Our research often takes us away from good Graphic Design in Newcastle. As you’d expect, the web allows us to scour the globe looking at competitors, successful examples and just inspiration in general. This is the next post in our series of global round ups on things that we’ve seen and liked.
Ambigrams are words that are rotationally or reflectively symmetrical. That is, if you rotate the word through 180° or view it in a mirror, it will read the same as it does normally. Most people’s recent exposure to this clever artistic style has been through the amazing designs of John Langdon, whose fantastic ambigrams were used in Dan Brown’s novel ‘Angels and Demons’ (the prequel to ‘The Da Vinci Code’) and its movie adaptation. This led to a resurgence in their use in logos and brand marks. But ambigrams have been in use in branding for decades. Here’s is our list of our favourites, both old and new:
Designed in 1969 by renowned industrial designer Raymond Loewy, this is one of the earliest examples of the modern use of ambigrams in corporate branding. It is rotationally symmetrical and it is testament to its brilliantly simple execution that it is still in use today.
The name of the Swedish megastar pop group (an acronym of the initials of the singers’ first names) is a palindrome which makes the creation of the ambigram here relatively simple, especially compared to the complex words used in some of the other logos. However, for sheer simplicity and recognisability, this logo has to be top of our list.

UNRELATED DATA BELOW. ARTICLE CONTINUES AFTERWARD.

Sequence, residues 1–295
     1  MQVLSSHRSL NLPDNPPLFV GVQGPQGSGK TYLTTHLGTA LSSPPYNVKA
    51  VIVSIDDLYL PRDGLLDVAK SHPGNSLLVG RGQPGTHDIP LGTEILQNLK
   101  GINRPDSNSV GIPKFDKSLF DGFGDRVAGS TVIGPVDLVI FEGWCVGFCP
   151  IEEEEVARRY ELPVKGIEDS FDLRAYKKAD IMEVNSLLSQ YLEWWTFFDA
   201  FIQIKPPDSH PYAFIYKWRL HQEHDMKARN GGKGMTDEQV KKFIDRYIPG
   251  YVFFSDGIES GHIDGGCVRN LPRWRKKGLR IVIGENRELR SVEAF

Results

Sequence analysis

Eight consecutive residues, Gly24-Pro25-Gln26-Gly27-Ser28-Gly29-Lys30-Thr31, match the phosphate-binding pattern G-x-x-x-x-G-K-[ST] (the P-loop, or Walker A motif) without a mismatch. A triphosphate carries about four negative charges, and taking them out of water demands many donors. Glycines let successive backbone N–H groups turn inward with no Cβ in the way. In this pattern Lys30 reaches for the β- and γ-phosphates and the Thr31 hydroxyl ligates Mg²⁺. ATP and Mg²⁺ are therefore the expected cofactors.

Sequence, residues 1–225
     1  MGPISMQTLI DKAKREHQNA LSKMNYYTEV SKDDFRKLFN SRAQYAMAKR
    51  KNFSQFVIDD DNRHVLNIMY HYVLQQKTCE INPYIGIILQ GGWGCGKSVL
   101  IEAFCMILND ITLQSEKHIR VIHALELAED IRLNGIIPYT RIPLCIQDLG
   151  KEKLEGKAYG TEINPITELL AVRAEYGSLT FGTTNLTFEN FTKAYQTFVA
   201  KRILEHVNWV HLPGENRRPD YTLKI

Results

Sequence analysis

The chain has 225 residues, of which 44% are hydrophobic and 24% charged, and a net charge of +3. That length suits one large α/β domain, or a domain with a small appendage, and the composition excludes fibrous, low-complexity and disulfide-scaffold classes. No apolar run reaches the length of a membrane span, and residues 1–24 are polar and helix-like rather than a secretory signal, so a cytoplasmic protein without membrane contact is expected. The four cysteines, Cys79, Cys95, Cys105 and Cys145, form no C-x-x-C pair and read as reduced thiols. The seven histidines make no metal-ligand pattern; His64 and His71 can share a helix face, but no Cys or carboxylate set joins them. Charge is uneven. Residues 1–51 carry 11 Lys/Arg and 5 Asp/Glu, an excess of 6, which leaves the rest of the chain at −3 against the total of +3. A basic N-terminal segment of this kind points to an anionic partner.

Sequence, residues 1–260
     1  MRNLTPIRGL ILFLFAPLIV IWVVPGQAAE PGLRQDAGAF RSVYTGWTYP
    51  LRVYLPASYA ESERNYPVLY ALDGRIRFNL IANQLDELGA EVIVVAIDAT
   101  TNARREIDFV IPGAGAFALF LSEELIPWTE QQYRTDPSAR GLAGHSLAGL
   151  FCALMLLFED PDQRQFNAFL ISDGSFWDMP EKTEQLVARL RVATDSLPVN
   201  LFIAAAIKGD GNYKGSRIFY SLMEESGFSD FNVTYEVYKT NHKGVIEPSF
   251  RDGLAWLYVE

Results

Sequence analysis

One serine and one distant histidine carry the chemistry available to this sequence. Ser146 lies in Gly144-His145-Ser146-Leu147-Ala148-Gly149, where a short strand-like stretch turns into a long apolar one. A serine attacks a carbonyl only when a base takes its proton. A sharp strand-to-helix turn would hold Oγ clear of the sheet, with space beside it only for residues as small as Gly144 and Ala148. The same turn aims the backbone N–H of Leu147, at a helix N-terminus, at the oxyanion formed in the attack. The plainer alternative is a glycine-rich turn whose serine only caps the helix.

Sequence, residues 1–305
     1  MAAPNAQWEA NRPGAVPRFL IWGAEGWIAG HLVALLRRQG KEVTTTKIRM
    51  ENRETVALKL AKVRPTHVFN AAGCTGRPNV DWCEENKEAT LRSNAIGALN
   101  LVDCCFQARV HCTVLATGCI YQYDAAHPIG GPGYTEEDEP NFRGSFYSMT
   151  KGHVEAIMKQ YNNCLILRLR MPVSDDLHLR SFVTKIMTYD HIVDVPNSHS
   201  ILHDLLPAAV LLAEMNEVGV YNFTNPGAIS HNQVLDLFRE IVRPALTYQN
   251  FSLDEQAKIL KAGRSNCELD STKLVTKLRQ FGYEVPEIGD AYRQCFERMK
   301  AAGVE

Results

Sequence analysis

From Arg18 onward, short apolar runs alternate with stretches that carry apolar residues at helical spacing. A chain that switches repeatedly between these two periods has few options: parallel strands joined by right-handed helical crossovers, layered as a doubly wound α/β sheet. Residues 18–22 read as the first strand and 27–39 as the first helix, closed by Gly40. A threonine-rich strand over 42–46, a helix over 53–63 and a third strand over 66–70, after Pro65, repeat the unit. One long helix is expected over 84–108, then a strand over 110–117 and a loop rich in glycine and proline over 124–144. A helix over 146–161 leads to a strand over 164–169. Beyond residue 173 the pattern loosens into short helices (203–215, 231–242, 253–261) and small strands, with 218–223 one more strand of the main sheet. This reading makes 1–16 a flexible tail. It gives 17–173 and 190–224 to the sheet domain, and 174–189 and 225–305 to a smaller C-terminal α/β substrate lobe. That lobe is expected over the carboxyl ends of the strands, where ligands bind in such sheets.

Another ambigram example from the 1970s, the logo for the ill-fated Delorean Motor Company is another instantly recognisable design, at least for those growing up in the 1980s due to its exposure in the classic Back to the Future movie trilogy. Again, simple and timeless.
This rotationally symmetrical chain ambigram is often regarded as one of the greatest logos ever designed. Created in 1982 by Stanford University professor Vaughan Pratt, it is readable when rotated through just 90° due to its square lockup. Originally set horizontally and featured on its own on the company’s workstations, it was revised in 1986 to a diagonal position alongside the company name.
Not actually the official Aerosmith logo, this version was created my master ambigram-ist John Langdon as a gift from Dan Brown to Steve Tyler. As well as being an example of one of the more difficult words to make symmetrical, this is even more stunning as it sticks so closely to the aesthetic quality of their real logo.
A great logo for the Brazilian advertising agency Jump. Simple and compact it reflects the company’s philosophy of moving ideas.
Bounce is an manufacturer and online store for mini BMX bikes and accessories. The logo works particularly well when animated, bouncing around the screen like a crazy stunt bike and, because it is rotationally symmetrical, always landing right way up.
A nice example of a reflective symmetrical ambigram logo for Edge Payment Systems. Like the B in ABBA logo, it benefits from the readability of the letter E when mirrored.